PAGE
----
Officers were also positioned by Admiralty MTR station, on the bridge connecting Admiralty Centre and Tamar, as well as on Tim Mei Avenue, with at least four police vehicles stationed near Fenwick Pier, opposite Legco.
The source said the police force would monitor the situation closely, and would only step in upon Legco’s request.
Tensions ran high after a group of protesters suspected to be linked to last week’s blast outside the chamber has been identified by police after poring over security camera footage, the Post learned.
Filibuster planned ahead
This came ahead of today’s rally against the controversial copyright bill as a radical pan-democratic lawmaker has vowed to adjourn the bill, a move that Liberal Party’s James Tien Pei-chun said the party would support.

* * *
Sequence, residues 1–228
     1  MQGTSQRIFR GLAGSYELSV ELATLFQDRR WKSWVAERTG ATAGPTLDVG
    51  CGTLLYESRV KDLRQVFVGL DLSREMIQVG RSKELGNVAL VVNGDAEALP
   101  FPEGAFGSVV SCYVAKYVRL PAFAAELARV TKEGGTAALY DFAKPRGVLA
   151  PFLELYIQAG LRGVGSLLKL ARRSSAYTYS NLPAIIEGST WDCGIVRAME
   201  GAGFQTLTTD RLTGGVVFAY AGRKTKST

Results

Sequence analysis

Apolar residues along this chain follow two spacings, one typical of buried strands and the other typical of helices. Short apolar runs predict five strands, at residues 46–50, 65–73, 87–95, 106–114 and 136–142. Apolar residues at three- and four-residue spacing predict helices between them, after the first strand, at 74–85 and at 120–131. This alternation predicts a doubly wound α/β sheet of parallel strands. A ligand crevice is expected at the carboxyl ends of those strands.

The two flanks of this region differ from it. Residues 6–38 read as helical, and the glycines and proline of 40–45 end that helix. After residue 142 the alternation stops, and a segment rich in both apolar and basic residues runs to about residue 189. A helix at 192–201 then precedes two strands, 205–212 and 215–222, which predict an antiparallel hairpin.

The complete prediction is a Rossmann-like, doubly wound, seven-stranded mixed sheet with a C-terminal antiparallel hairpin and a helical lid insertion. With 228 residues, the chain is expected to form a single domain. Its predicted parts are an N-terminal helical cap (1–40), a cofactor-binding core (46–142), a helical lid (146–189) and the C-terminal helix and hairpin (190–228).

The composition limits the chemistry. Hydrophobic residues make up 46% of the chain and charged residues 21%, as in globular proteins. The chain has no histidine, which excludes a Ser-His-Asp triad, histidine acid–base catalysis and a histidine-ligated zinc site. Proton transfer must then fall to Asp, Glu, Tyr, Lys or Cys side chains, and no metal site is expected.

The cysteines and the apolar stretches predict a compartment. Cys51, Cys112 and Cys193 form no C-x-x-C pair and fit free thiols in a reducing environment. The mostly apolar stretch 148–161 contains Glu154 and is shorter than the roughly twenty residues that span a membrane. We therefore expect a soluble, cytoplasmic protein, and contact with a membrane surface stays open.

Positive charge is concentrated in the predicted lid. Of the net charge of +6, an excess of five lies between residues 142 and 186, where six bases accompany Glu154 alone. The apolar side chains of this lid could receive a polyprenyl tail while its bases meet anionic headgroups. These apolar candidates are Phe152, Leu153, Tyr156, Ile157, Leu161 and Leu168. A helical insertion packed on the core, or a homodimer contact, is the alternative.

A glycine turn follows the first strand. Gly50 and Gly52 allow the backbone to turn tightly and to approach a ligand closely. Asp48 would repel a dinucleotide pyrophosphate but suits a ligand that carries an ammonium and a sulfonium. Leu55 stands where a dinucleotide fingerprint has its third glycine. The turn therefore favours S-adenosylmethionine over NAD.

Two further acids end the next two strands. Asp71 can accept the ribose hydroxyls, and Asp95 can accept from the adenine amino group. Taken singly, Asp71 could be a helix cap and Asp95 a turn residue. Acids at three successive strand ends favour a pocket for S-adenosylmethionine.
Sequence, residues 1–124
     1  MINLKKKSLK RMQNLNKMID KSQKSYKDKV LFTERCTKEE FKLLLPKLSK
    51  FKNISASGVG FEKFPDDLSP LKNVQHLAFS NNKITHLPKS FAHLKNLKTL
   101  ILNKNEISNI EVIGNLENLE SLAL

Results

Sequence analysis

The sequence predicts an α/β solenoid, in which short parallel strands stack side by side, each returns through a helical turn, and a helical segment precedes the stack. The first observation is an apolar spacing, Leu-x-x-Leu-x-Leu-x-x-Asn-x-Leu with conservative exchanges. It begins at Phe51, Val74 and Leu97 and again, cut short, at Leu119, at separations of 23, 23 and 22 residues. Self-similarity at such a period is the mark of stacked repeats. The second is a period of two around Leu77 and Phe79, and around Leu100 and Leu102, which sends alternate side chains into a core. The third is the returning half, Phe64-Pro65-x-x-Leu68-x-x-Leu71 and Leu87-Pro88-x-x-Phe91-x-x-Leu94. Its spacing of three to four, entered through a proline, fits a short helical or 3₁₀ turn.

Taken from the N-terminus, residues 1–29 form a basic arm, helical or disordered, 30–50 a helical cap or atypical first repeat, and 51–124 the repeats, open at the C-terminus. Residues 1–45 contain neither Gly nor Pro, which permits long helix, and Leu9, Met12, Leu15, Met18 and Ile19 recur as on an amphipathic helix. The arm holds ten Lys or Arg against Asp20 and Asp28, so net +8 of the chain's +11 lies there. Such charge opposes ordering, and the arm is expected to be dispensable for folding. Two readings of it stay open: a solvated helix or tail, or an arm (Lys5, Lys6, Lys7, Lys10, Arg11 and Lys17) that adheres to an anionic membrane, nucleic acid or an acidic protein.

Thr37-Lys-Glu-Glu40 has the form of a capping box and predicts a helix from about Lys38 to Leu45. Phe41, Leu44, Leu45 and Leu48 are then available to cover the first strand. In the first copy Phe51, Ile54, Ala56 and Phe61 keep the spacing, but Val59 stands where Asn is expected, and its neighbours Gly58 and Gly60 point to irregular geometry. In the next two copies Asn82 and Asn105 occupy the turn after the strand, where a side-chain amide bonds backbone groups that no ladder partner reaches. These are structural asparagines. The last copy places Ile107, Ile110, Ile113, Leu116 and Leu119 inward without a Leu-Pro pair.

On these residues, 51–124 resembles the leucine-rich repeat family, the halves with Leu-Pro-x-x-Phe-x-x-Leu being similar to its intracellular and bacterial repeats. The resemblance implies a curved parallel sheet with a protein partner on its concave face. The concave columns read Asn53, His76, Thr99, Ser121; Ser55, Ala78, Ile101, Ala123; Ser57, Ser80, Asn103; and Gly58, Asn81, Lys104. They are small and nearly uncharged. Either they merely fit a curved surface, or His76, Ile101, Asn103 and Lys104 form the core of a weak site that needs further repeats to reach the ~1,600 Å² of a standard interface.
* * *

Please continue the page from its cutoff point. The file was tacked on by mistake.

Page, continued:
The Federation of Trade Unions, another pro-government party, said it would discuss what to do today, fuelling uncertainty to the political showdown at Legco’s second reading of the bill that has been dubbed “Internet Article 23”.
Force insiders said initial investigations showed they belonged to a local radical group who went online to call on people to take part in a rally against the second reading of the copyright bill originally scheduled last Wednesday.
The meeting, however, was adjourned as too few lawmakers were at the meeting and the rally organised by concern group Keyboard Frontline was cancelled. The blast happened at about 8.30pm.
The second reading of the bill is expected to be resumed today and the protest will take place from 4pm onwards.